As we witness the slaughter of civilians in yet another part of Syria – most recently, the Damascus suburb of eastern Ghouta – the country appears to enter the endgame of the confrontation between the regime and an array of rebel groups.
But new battles await. Syria is increasingly turning into a battlefield for outside parties’ wars: in the south between Israel and a Hezbollah backed by Iran; in the north between Turkey and Kurdistan Workers Party (PKK) affiliates; and in the east, potentially, between Iran and the U.S. Instead of ending the population’s suffering after years of merciless fighting, these conflicts extend and add a perilous layer to it that could trigger a regional conflagration.
At the core of the Syrian war’s inexorable internationalisation stands the fundamental disagreement between the U.S. and Russia over the fate of the regime. Russia, which has a preponderant strategic interest in Syria compared to the U.S., has built on the success of its September 2015 military intervention to outpace its rival. Washington has thus been reduced to the role of a virtual bystander, largely impotent to shape the course of events.
Yet instead of filling the vacuum, Russia has contented itself with acting as if it, too, is a bystander. Russia has enabled its ally, the Assad regime, to proceed on its murderous path to recovering territory lost to the rebels, some of whom are as murderous in intent as the regime but lack equal firepower and outside backing. Moscow has not shown an appetite for preventing other parties from taking their fight to the Syrian theatre.
Witness the risk-laden tit-for-tat between Israel and the regime and its backers earlier this month, when an alleged Iranian drone was shot down as it entered Israeli airspace. (I say “alleged” because there has been no independent investigation into what occurred.) The Israeli air force struck back, destroying the drone’s apparent launch and control centre. Syrian anti-aircraft batteries then fired at the Israeli planes, managing to shoot one down, upon which Israel attacked Syrian air defences, claiming to have demolished half of them. The mutual escalation reportedly was halted by a phone call from Vladimir Putin to Benjamin Netanyahu, allowing all sides to declare victory (“We shot down an Israeli plane!”; “We destroyed half of Syria’s air defences!”) and lick their wounds.
The Russian intervention came late, perhaps just before a further escalation which could have proved difficult to contain. These events highlighted the discomfiting fact that Moscow is in the driver’s seat in Syria but reluctant to put the car in gear. It sees a U.S. retreat on the world stage but is either averse to or incapable of assuming the mantle of ultimate arbiter.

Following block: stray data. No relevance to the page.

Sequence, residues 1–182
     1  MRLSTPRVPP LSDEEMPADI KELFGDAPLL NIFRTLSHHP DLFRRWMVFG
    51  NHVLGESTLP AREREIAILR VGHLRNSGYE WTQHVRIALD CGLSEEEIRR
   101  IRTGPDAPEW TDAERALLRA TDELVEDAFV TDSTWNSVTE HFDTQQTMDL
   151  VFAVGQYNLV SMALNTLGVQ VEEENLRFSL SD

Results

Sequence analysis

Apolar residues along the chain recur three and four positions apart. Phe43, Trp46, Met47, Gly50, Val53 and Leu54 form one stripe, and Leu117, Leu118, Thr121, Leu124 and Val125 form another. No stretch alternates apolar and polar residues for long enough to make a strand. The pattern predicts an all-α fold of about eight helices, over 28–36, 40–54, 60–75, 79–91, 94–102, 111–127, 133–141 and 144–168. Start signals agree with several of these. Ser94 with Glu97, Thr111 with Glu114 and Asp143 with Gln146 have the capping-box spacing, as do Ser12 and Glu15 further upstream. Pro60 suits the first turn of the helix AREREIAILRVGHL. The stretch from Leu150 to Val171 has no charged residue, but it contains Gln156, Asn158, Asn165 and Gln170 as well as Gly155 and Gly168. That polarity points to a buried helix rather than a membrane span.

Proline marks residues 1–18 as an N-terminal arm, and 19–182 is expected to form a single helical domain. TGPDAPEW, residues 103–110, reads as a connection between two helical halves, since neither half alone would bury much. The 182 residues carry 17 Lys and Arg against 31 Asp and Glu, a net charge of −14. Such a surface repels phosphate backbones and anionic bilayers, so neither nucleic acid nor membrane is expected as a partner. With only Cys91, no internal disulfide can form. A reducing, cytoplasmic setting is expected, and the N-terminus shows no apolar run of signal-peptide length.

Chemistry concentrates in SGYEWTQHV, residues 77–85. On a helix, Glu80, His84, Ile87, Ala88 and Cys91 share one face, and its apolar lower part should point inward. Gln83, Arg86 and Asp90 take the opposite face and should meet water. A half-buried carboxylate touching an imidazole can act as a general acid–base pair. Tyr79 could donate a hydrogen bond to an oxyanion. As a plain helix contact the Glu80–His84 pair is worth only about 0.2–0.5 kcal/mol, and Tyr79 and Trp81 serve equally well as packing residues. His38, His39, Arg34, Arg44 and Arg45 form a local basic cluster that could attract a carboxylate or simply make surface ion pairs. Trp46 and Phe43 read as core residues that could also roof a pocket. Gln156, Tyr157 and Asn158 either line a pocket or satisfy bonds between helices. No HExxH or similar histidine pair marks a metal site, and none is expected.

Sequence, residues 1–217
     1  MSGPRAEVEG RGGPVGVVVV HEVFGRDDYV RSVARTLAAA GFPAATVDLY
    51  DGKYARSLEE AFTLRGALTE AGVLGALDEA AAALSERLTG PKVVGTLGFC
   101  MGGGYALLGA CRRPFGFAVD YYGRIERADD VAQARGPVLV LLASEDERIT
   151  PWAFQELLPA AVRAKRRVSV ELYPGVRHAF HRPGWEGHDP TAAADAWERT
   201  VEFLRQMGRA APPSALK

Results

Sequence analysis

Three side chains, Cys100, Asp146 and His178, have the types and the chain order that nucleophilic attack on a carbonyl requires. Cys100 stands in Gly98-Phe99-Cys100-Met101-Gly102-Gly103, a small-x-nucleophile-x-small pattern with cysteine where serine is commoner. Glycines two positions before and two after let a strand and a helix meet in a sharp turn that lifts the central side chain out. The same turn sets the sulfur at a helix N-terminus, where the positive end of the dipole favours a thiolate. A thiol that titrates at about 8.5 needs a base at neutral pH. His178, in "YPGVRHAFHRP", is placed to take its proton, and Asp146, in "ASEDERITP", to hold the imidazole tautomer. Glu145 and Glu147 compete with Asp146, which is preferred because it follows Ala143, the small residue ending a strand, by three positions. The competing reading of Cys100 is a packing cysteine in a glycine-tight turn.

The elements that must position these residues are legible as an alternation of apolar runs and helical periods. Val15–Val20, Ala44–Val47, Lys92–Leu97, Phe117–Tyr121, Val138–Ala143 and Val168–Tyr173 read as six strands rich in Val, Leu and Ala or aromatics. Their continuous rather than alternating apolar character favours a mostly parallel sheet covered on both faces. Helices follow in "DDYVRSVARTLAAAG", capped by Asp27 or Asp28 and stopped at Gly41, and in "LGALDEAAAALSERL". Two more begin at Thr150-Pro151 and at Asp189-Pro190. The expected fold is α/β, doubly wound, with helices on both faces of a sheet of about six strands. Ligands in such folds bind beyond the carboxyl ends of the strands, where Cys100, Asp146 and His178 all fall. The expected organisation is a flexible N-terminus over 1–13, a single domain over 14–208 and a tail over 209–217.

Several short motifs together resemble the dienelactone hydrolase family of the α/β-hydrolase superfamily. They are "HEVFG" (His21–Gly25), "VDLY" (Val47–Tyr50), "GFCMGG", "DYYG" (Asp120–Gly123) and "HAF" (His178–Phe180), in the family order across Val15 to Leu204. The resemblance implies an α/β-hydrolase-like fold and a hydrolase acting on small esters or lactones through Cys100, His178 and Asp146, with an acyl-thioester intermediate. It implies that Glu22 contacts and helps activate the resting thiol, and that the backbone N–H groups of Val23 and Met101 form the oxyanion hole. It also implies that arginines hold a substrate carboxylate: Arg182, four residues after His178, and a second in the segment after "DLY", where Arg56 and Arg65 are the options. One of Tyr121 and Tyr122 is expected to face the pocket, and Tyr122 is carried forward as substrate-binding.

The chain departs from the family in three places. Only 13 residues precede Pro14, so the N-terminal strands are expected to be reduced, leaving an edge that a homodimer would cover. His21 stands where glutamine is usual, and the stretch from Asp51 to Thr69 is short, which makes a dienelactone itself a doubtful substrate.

Yet Russia may have no choice but to step in more forcefully, at least if it wishes to preserve its gains: the survival of the Assad regime and the prospect of a pacified Syria stabilised by reconstruction funds provided by Western nations that may have to settle for such an outcome, lest conflict endure and refugees continue to stream toward Europe.
The heir apparent’s reluctance to do more than make last-minute telephonic interventions raises the risk of wider war as a result of miscommunication between the sides or misreading of one other’s intentions. Such an eventuality could be mitigated if the enemies maintained communication channels, at least in the form of a hotline.
Because neither Israel nor Iran/Hezbollah is inclined to talk to the other, in theory it falls to Russia, which entertains good relations with all the parties, to use its channels to help establish understanding between the adversaries of each other’s threat perceptions and red lines.
As long as Moscow eschews a more proactive approach, each side will resort to military means to clarify what its adversary is willing to bear, and thus establish the rules of the game. But a risky game this is, involving precision weapons and stealth technology, split-second decisions, and the human propensity for errors of interpretation and judgement.
What is the reason for Moscow’s impassivity? Some speculate that while it has an interest in avoiding a full-blown war, Russia believes the parties themselves don’t want one, and can therefore get away with stepping in only when things appear to spin out of control, leaving Israel and Iran to bloody each other in the meantime. Russia certainly has not prevented either the Iranian drone or Israeli warplanes to criss-cross Syrian skies.
Others say that Moscow lacks the capacity or the self-confidence to become more assertive – that the image Moscow projects of being in control in Syria is a bluff, and one on which it would prefer not to be called.
Either way, Israel appears intent on escalating its military responses to Iran/Hezbollah’s probing in order to induce Moscow to become more proactive in reining in its allies in Syria.
And so the Russian driver sits in his car immobilised, whether by lack of will, of power, or of self-confidence. Soon, however, he will realise he can no longer afford not to hit the clutch.
Joost Hiltermann, Program Director, Middle East and North Africa.
Originally published in Lowy Institute